Countering Racism: Project SERV Grants Bolster HBCUs in Bomb Threat Aftermath

In the wake of last year's bomb threats, which cause fear and disruption on these HBCU communities, these funds will bolster mental health services and other crucial supports.

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FILE - A graduation themed printed mural is seen on the Howard University campus, July 6, 2021, in Washington. More than a third of America’s 101 historically Black colleges and universities have been targeted by calls or emails threatening bombings since early January. Howard University in Washington has received at least four threats since Jan. 4. (AP Photo/Jacquelyn Martin)
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The U.S. Department of Education unveiled a new batch of Project School Emergency Response to Violence (SERV) grants. These grants are going to four historically Black colleges and universities disrupted by bomb threats last year that were found to be racially motivated.

Texas Southern University has been awarded over $191,000; Delaware State, $217,000; Claflin University, $440,000; and Howard University, $203,000. Projects SERV provides short-term funding to educational bodies experiencing violent or traumatic incidents and aims to restore a safe learning environment. More grants are expected to be issued in the coming weeks.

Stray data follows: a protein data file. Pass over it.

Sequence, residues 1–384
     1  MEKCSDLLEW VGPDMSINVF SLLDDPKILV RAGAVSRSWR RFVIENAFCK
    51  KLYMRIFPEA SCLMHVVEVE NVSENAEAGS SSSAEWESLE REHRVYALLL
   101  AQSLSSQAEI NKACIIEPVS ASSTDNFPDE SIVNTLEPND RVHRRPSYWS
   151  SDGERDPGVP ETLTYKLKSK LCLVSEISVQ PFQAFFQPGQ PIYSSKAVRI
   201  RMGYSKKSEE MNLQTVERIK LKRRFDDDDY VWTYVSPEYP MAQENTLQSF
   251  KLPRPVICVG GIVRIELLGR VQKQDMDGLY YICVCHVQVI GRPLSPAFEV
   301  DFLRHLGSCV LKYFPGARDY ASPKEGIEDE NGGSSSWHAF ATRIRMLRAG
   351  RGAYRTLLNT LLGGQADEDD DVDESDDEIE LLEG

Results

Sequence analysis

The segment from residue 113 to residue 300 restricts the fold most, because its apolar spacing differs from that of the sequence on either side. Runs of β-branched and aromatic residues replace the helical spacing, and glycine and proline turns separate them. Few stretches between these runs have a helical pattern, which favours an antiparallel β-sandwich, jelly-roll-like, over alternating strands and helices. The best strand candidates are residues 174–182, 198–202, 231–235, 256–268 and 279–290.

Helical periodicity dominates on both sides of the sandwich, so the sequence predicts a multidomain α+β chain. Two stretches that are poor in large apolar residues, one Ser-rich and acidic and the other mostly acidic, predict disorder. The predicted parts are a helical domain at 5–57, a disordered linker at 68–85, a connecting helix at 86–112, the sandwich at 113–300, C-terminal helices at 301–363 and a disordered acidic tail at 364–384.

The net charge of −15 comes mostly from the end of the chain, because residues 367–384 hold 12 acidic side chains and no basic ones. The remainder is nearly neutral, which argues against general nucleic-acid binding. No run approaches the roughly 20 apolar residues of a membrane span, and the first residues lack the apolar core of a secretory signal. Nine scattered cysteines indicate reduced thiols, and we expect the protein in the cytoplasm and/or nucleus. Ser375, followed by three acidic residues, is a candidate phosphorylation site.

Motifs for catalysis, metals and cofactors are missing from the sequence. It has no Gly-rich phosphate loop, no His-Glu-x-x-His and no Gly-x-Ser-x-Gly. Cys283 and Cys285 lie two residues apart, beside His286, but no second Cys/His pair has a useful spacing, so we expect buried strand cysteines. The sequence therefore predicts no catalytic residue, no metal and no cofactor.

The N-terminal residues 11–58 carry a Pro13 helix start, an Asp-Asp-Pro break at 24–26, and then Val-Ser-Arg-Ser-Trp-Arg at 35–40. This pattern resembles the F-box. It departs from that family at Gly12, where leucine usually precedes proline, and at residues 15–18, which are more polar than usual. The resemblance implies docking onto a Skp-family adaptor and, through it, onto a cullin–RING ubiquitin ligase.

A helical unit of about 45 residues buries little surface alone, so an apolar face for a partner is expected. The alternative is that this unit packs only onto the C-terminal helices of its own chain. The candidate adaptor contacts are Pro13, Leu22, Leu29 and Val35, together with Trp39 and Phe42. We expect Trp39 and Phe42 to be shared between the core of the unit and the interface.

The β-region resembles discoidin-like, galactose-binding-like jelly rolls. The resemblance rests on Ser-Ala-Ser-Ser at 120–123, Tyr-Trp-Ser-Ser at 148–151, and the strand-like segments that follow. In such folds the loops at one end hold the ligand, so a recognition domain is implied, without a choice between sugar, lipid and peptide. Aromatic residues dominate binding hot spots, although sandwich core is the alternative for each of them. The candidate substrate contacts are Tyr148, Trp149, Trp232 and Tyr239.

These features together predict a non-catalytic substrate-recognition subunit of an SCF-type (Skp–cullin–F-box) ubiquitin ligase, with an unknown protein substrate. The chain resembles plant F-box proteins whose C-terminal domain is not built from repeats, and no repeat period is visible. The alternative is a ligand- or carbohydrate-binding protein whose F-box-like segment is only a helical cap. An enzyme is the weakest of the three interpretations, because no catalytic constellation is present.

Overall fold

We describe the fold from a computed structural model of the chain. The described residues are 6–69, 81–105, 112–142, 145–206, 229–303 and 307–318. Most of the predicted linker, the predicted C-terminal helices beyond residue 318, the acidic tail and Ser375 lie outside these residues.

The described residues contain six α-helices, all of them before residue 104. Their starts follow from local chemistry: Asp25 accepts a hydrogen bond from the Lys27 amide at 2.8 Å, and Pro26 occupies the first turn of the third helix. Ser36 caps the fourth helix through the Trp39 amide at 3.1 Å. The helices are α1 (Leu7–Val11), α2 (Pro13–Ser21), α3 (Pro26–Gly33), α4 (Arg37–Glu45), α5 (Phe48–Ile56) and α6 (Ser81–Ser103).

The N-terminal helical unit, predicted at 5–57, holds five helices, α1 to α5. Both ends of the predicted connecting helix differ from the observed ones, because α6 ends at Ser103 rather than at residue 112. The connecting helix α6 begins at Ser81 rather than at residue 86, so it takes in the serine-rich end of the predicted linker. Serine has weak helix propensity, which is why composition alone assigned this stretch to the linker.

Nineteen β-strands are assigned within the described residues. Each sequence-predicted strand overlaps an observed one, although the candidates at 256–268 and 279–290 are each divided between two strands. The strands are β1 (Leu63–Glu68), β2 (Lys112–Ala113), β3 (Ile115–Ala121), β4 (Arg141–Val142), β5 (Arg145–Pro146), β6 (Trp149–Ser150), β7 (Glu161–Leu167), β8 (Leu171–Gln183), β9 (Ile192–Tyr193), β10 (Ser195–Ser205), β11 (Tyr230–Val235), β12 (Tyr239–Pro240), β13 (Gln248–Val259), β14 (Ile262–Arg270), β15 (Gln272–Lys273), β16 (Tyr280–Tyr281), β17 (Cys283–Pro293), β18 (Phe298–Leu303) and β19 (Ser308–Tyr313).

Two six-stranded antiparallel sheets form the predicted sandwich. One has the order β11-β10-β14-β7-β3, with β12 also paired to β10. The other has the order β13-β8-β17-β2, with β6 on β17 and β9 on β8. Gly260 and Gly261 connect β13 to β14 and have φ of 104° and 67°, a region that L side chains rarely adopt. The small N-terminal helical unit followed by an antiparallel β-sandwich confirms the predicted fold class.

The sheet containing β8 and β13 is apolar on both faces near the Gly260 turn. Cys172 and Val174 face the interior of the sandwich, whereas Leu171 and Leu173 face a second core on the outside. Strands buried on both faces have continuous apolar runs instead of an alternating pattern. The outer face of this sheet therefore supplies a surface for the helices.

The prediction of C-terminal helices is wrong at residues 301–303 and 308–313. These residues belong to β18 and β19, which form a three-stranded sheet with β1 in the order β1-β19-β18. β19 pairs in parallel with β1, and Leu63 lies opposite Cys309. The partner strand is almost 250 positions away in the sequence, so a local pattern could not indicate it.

In the wake of last year’s bomb threats, which cause fear and disruption on these HBCU communities, these funds will bolster mental health services and other crucial supports. The Biden administration continues to stand firmly with HBCUs condemning any racist efforts to terrorize these institutions.


Click play to listen to the report from AURN White House Correspondent Ebony McMorris. For more news, follow @E_N_McMorris & @aurnonline.

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